Note also that the above is why I am unsure about your calculations above about the “new debt” are slightly off — though I could be wrong and I welcome any correction. At least some portion of the new debt will be used to simply refinance the old debt (see Section 7.13(b)(ix) of the Merger Agreement, which requires Heinz to obtain payoff letters of its existing bank debt), though some Heinz debt will roll. But this would still mean that new debt would be more in line with $14bn, not $7bn.

That said, maybe the best way to think of this would be a pro forma cap table for the acquired company, showing what the total debt of the acquired Heinz would be.

In that case I still think you come out with an even more leveraged picture than you have above, though I think all of your points about BRK’s upside remain. And it also highlights to me another benefit BRK got from this, which was 3G’s expertise in packaging and structuring this deal, which is designed as essentially a regular way LBO. The only unique aspect is the 50/50 common equity ownership of the acquired entity (though PE shops do “club” sometimes) and BRK’s “mezzanine” financing of preferred and warrants, though I’ve seen sponsors do “sponsor loans” to fund acquisitions when they have extra cash and charge even more than 9%.

Final note on the warrants: It’s not clear that Berkshire would get control of the new entity even if they exercise the warrants. Buffett on CNBC repeated that 3G would have “day-to-day control,” despite the 50/50 equity ownership. This tells me that 3G has been given operational control regardless of the equity stake in the joint venture/LLC Agreement, and we simply don’t know if the exercise of warrants even given Berkshire greater than 50% equity ownership would change that. It might, but it might not. It’s very common in real estate deals for one party to put up 70-90% of the equity but cede day-to-day control to a minority partner, who, after satisfaction of a hurdle rate, takes a big commission or even splits the economics 50/50 for “finding and executing” a deal. Buffett undoubtedly has lots of experience in these kinds of structures and this one is tailored to this particular situation.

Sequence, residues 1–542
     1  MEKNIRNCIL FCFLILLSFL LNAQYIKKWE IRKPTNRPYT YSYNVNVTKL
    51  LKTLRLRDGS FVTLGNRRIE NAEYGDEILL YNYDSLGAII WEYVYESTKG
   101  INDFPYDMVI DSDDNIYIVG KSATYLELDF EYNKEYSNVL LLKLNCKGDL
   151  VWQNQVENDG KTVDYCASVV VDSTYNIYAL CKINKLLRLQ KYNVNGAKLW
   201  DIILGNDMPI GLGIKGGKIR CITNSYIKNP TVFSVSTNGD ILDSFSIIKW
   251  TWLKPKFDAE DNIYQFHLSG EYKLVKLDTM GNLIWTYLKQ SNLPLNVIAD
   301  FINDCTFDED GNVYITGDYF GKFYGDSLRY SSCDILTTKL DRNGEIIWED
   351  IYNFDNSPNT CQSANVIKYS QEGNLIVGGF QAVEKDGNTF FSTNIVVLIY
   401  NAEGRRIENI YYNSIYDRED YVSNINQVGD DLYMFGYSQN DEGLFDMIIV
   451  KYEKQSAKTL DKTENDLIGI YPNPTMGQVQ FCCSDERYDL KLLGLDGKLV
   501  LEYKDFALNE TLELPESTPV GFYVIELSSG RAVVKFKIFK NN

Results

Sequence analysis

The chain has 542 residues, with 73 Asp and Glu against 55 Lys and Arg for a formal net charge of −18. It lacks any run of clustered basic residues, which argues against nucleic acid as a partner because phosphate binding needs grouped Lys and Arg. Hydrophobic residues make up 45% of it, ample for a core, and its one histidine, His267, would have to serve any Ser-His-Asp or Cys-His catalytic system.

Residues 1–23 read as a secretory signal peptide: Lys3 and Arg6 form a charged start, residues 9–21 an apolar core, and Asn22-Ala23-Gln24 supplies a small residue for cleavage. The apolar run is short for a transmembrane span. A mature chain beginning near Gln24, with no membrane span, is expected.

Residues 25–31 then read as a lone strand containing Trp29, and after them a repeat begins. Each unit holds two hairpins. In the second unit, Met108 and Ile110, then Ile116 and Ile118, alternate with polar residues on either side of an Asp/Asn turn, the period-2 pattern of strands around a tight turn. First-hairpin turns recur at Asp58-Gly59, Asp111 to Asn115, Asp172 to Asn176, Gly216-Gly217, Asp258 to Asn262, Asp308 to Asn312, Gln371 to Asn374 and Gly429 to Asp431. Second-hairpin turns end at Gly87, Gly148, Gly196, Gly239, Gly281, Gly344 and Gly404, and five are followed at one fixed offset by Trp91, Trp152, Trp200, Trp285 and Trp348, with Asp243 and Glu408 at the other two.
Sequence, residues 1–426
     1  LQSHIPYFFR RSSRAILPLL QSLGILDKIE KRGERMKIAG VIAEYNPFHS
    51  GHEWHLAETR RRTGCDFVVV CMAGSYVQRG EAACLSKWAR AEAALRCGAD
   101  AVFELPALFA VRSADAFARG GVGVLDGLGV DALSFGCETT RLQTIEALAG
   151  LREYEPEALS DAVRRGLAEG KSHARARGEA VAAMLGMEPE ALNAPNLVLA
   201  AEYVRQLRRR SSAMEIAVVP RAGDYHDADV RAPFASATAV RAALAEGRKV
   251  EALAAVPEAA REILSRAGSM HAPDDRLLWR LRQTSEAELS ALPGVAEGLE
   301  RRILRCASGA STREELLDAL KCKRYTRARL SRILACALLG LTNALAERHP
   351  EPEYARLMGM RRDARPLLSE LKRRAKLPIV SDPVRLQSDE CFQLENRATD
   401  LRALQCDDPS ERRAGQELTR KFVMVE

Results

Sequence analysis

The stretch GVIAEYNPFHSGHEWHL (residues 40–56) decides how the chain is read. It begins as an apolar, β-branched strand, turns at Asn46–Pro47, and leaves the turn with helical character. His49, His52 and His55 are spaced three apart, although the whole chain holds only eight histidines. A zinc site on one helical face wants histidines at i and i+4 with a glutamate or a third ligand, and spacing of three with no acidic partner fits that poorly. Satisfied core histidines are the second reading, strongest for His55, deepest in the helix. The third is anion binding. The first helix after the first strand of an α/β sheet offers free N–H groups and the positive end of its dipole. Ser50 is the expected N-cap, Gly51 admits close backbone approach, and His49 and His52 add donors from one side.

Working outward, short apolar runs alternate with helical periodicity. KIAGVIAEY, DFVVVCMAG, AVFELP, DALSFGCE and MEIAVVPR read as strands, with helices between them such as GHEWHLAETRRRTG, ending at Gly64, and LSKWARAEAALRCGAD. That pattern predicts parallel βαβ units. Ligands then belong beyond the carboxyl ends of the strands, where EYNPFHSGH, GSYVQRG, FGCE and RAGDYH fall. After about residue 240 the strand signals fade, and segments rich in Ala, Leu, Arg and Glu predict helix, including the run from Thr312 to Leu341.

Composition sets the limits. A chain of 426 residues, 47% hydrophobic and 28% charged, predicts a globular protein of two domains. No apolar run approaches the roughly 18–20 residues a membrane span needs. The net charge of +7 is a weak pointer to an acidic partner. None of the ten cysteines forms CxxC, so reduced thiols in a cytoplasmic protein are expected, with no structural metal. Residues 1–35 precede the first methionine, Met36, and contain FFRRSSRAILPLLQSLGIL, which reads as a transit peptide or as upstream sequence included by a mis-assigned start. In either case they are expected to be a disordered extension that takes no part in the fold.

Hopefully these are helpful comments. I am a big fan of your blog.

PS — One correction to [what I said above]. I mistakenly said the bonds would likely be unsecured; given that the committed bridge loan is going to be second-lien secured, I’d expect the bonds to be second-lien secured bonds as well. This actually further supports the notion that this is a very leveraged transaction — the bond market is “hot” right now, so the idea that this deal needs secured bonds implies that the guys on JPM’s and WFC’s high yield desk already view this as a very leveraged deal.

I’m not sure how I could have missed that one filing at the SEC that listed the deal terms for debt.  As it is, I decided to sit down and calculate out what the balance sheet of Heinz might look like post-deal.  Here’s what it looks like as of the last 10Q:

Amount ($B)

Amount ($B)

Cash

                 1.01

ST Debt and LT Debt <1 yr

                    0.92

Other Current Assets

                 2.89

Other Current Liabilities

                    2.38

Long-term Debt

                    4.12

Total property, plant and equipment, net

                 2.44

Other non-current liabilities

                    1.55

 Intangibles & other noncurrent assets

                 5.57

Total Liabilities

                    8.97

Common Equity (mostly)